The personal narrative

All this may leave one wondering where our thoughts, emotions and perceptions actually come from. We argue that the contents of consciousness are a subset of the experiences, emotions, thoughts and beliefs that are generated by non-conscious processes within our brains.

This subset takes the form of a personal narrative, which is constantly being updated. The personal narrative exists in parallel with our personal awareness, but the latter has no influence over the former.

The personal narrative is important because it provides information to be stored in your autobiographical memory (the story you tell yourself, about yourself), and gives human beings a way of communicating the things we have perceived and experienced to others.

This, in turn, allows us to generate survival strategies; for example, by learning to predict other people’s behaviour. Interpersonal skills like this underpin the development of social and cultural structures, which have promoted the survival of human kind for millennia.

So, we argue that it is the ability to communicate the contents of one’s personal narrative –– and not personal awareness – that gives humans their unique evolutionary advantage.

Have you read?

What’s the point?

If the experience of consciousness does not confer any particular advantage, it’s not clear what its purpose is. But as a passive accompaniment to non-conscious processes, we don’t think that the phenomenon of personal awareness has a purpose, in much the same way that rainbows do not. Rainbows simply result from the reflection, refraction and dispersion of sunlight through water droplets – none of which serves any particular purpose.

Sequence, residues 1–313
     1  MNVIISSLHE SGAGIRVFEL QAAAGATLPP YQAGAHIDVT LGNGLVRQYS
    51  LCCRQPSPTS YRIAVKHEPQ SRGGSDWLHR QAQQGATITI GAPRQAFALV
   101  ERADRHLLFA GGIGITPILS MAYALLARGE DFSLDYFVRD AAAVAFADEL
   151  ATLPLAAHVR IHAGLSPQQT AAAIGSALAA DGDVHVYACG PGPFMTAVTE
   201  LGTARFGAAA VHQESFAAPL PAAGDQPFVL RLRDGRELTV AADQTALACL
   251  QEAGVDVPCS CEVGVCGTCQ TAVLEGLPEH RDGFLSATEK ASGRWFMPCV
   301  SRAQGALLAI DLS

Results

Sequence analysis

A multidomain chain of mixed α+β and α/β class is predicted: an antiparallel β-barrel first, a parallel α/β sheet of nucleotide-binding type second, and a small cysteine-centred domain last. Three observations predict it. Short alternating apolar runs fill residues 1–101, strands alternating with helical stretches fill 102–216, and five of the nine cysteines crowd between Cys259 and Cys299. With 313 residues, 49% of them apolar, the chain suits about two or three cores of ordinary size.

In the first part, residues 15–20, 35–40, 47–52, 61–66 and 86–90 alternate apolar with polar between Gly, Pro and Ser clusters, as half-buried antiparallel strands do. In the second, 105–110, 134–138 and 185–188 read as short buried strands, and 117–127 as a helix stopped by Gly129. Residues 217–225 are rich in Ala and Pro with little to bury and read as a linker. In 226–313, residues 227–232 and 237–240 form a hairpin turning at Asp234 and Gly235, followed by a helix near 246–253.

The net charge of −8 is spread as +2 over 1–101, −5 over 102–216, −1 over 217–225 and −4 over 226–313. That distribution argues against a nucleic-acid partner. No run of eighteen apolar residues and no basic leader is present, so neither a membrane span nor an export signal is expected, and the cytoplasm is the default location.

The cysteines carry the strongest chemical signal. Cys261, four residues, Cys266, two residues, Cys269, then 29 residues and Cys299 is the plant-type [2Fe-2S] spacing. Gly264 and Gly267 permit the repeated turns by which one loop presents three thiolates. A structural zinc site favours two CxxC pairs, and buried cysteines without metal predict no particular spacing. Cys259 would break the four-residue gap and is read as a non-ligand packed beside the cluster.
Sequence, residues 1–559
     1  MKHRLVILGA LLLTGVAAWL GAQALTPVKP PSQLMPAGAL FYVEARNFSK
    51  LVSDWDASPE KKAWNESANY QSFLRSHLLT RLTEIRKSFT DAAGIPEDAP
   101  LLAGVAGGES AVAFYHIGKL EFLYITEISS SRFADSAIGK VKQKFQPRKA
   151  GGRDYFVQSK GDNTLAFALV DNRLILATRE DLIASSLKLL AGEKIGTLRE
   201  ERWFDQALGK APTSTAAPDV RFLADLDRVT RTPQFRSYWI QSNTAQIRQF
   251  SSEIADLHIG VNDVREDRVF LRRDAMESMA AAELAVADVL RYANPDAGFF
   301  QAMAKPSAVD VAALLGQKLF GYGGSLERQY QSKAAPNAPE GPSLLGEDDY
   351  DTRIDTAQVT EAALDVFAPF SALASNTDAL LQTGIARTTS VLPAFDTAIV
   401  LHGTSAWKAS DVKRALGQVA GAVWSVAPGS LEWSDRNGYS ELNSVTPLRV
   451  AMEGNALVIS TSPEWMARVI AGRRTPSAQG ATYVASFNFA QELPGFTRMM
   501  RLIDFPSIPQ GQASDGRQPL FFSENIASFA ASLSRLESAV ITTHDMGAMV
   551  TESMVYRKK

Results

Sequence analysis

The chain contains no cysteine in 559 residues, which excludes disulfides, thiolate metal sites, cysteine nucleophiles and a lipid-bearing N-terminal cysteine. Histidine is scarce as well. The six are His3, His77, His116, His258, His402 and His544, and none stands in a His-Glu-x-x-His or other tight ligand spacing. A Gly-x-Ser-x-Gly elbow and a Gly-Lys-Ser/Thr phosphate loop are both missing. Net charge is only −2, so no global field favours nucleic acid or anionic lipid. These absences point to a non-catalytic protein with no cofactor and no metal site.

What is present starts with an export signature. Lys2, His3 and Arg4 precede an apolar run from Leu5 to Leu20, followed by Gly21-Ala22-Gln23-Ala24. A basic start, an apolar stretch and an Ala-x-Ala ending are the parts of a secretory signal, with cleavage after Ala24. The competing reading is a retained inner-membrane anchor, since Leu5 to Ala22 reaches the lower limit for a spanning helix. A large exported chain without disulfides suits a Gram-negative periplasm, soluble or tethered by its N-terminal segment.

Our conclusions also raise questions about the notions of free will and personal responsibility. If our personal awareness does not control the contents of the personal narrative which reflects our thoughts, feelings, emotions, actions and decisions, then perhaps we should not be held responsible for them.

In response to this, we argue that free will and personal responsibility are notions that have been constructed by society. As such, they are built into the way we see and understand ourselves as individuals, and as a species. Because of this, they are represented within the non-conscious processes that create our personal narratives, and in the way we communicate those narratives to others.

Just because consciousness has been placed in the passenger seat, does not mean we need to dispense with important everyday notions such as free will and personal responsibility. In fact, they are embedded in the workings of our non-conscious brain systems. They have a powerful purpose in society and have a deep impact on the way we understand ourselves.

Loading...
Don't miss any update on this topic

Create a free account and access your personalized content collection with our latest publications and analyses.

Sign up for free

License and Republishing

World Economic Forum articles may be republished in accordance with the Creative Commons Attribution-NonCommercial-NoDerivatives 4.0 International Public License, and in accordance with our Terms of Use.

The views expressed in this article are those of the author alone and not the World Economic Forum.

Share:
World Economic Forum logo
Global Agenda

The Agenda Weekly

A weekly update of the most important issues driving the global agenda

Subscribe today

You can unsubscribe at any time using the link in our emails. For more details, review our privacy policy.

Decentralized but not fragmented: A new way to think about operations

Obaid Bokisha and Saeed Al Zarooni

June 25, 2024

About Us

Events

Media

Partners & Members

  • Join Us

Language Editions

Privacy Policy & Terms of Service

© 2024 World Economic Forum